Use this function to determine a valid microorganism ID (mo). Determination is done using intelligent rules and the complete taxonomic kingdoms Bacteria, Chromista, Protozoa, Archaea and most microbial species from the kingdom Fungi (see Source). The input can be almost anything: a full name (like "Staphylococcus aureus"), an abbreviated name (like "S. aureus"), an abbreviation known in the field (like "MRSA"), or just a genus. Please see Examples.
  Becker = FALSE,
  Lancefield = FALSE,
  allow_uncertain = TRUE,
  reference_df = get_mo_source(),
  ignore_pattern = getOption("AMR_ignore_pattern"),
  language = get_locale(),






a character vector or a data.frame with one or two columns


a logical to indicate whether Staphylococci should be categorised into coagulase-negative Staphylococci ("CoNS") and coagulase-positive Staphylococci ("CoPS") instead of their own species, according to Karsten Becker et al. (1,2,3).

This excludes Staphylococcus aureus at default, use Becker = "all" to also categorise S. aureus as "CoPS".


a logical to indicate whether beta-haemolytic Streptococci should be categorised into Lancefield groups instead of their own species, according to Rebecca C. Lancefield (4). These Streptococci will be categorised in their first group, e.g. Streptococcus dysgalactiae will be group C, although officially it was also categorised into groups G and L.

This excludes Enterococci at default (who are in group D), use Lancefield = "all" to also categorise all Enterococci as group D.


a number between 0 (or "none") and 3 (or "all"), or TRUE (= 2) or FALSE (= 0) to indicate whether the input should be checked for less probable results, please see Details


a data.frame to be used for extra reference when translating x to a valid mo. See set_mo_source() and get_mo_source() to automate the usage of your own codes (e.g. used in your analysis or organisation).


a regular expression (case-insensitive) of which all matches in x must return NA. This can be convenient to exclude known non-relevant input and can also be set with the option AMR_ignore_pattern, e.g. options(AMR_ignore_pattern = "(not reported|contaminated flora)").


language to translate text like "no growth", which defaults to the system language (see get_locale())


other parameters passed on to functions


A character vector with additional class mo


General info

A microorganism ID from this package (class: mo) is human readable and typically looks like these examples:

  Code               Full name
  ---------------    --------------------------------------
  B_KLBSL            Klebsiella
  B_KLBSL_PNMN       Klebsiella pneumoniae
  B_KLBSL_PNMN_RHNS  Klebsiella pneumoniae rhinoscleromatis
  |   |    |    |
  |   |    |    |
  |   |    |    \---> subspecies, a 4-5 letter acronym
  |   |    \----> species, a 4-5 letter acronym
  |   \----> genus, a 5-7 letter acronym
  \----> taxonomic kingdom: A (Archaea), AN (Animalia), B (Bacteria),
                            C (Chromista), F (Fungi), P (Protozoa)

Values that cannot be coerced will be considered 'unknown' and will get the MO code UNKNOWN.

Use the mo_* functions to get properties based on the returned code, see Examples.

The algorithm uses data from the Catalogue of Life (see below) and from one other source (see microorganisms).

The function uses several coercion rules for fast and logical results. It assesses the input matching criteria in the following order:

  1. Human pathogenic prevalence: the function starts with more prevalent microorganisms, followed by less prevalent ones;

  2. Taxonomic kingdom: the function starts with determining Bacteria, then Fungi, then Protozoa, then others;

  3. Breakdown of input values to identify possible matches.

This will lead to the effect that e.g. "E. coli" (a microorganism highly prevalent in humans) will return the microbial ID of Escherichia coli and not Entamoeba coli (a microorganism less prevalent in humans), although the latter would alphabetically come first.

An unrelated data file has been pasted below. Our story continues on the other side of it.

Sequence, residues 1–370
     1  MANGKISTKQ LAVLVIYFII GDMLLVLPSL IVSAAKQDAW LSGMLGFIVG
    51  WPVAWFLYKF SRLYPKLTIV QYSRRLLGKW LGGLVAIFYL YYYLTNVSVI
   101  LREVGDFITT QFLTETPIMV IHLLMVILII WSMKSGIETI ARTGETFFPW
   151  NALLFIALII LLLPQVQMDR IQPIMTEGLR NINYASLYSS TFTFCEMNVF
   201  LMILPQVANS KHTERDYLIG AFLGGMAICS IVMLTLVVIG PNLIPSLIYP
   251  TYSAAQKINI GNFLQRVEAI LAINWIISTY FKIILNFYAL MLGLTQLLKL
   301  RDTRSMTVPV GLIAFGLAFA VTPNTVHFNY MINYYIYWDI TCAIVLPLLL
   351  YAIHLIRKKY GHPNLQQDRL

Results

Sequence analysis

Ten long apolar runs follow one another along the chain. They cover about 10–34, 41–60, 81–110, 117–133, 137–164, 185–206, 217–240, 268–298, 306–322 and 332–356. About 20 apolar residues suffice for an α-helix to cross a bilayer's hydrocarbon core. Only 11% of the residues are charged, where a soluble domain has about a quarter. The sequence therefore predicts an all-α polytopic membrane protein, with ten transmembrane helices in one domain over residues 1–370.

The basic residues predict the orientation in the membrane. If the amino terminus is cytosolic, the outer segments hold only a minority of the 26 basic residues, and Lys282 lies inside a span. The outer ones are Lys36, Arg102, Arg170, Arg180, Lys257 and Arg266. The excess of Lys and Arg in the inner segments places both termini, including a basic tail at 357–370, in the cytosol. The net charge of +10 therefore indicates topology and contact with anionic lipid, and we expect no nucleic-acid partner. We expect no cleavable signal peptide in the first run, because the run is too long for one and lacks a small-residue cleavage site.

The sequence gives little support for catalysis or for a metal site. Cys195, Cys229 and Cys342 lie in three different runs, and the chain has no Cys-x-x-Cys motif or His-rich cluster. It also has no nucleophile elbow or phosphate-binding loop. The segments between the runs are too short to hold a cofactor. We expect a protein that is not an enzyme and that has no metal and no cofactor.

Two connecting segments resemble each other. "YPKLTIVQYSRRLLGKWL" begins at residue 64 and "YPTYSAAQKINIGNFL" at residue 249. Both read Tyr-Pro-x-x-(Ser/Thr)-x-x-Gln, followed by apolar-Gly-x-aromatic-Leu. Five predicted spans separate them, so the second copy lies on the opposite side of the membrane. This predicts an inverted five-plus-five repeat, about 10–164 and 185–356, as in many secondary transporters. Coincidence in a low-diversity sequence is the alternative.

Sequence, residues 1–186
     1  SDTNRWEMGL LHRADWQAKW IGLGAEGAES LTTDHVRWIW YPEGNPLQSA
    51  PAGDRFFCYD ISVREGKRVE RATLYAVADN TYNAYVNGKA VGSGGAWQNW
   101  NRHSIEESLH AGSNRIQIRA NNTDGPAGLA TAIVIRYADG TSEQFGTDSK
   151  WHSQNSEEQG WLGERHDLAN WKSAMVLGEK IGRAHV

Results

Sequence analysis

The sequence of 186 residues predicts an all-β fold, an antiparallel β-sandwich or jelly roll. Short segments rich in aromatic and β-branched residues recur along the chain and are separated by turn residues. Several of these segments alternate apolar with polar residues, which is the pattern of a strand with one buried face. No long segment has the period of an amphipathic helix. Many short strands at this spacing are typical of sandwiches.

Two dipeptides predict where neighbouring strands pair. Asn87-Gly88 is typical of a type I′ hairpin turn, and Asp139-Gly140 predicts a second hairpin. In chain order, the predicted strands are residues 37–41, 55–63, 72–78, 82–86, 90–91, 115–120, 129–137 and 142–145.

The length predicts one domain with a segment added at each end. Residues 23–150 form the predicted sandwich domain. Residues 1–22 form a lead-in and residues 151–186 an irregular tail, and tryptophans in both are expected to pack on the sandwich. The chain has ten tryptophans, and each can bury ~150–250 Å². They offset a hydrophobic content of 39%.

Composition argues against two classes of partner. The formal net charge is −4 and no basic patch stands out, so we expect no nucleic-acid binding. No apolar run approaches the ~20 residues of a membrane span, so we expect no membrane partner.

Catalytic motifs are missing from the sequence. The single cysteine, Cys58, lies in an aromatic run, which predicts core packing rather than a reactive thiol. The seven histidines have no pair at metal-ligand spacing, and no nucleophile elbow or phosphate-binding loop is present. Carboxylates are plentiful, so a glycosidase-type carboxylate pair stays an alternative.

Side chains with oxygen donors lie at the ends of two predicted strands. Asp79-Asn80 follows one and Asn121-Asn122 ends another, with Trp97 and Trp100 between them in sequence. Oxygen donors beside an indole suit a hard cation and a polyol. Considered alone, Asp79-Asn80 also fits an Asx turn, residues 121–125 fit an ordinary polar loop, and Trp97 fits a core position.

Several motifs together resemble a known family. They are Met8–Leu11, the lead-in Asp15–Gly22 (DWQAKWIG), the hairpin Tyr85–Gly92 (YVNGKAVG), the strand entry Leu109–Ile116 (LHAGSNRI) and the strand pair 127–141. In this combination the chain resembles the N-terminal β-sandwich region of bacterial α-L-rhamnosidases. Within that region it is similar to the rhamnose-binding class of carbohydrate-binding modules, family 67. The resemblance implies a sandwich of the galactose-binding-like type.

Coping with uncertain results

In addition, the function can differentiate four levels of uncertainty to guess valid results:

  • Uncertainty level 0: no additional rules are applied;

  • Uncertainty level 1: allow previously accepted (but now invalid) taxonomic names and minor spelling errors;

  • Uncertainty level 2: allow all of level 1, strip values between brackets, inverse the words of the input, strip off text elements from the end keeping at least two elements;

  • Uncertainty level 3: allow all of level 1 and 2, strip off text elements from the end, allow any part of a taxonomic name.

The level of uncertainty can be set using the argument allow_uncertain. The default is allow_uncertain = TRUE, which is equal to uncertainty level 2. Using allow_uncertain = FALSE is equal to uncertainty level 0 and will skip all rules. You can also use e.g., allow_uncertain = 1) to only allow up to level 1 uncertainty.

With the default setting (allow_uncertain = TRUE, level 2), below examples will lead to valid results:

  • "Streptococcus group B (known as S. agalactiae)". The text between brackets will be removed and a warning will be thrown that the result Streptococcus group B (B_STRPT_GRPB) needs review.

  • "S. aureus - please mind: MRSA". The last word will be stripped, after which the function will try to find a match. If it does not, the second last word will be stripped, etc. Again, a warning will be thrown that the result Staphylococcus aureus (B_STPHY_AURS) needs review.

  • "Fluoroquinolone-resistant Neisseria gonorrhoeae". The first word will be stripped, after which the function will try to find a match. A warning will be thrown that the result Neisseria gonorrhoeae (B_NESSR_GNRR) needs review.

There are three helper functions that can be run after using the function:

  • Use mo_uncertainties() to get a data.frame that prints in a pretty format with all taxonomic names that were guessed. The output contains the matching score for all matches (see Background on matching score).

  • Use mo_failures() to get a character vector with all values that could not be coerced to a valid value.

  • Use mo_renamed() to get a data.frame with all values that could be coerced based on old, previously accepted taxonomic names.

Microbial prevalence of pathogens in humans

The intelligent rules consider the prevalence of microorganisms in humans grouped into three groups, which is available as the prevalence columns in the microorganisms and microorganisms.old data sets. The grouping into human pathogenic prevalence is explained in the section Matching score for microorganisms below.


  1. Becker K et al. Coagulase-Negative Staphylococci. 2014. Clin Microbiol Rev. 27(4): 870–926.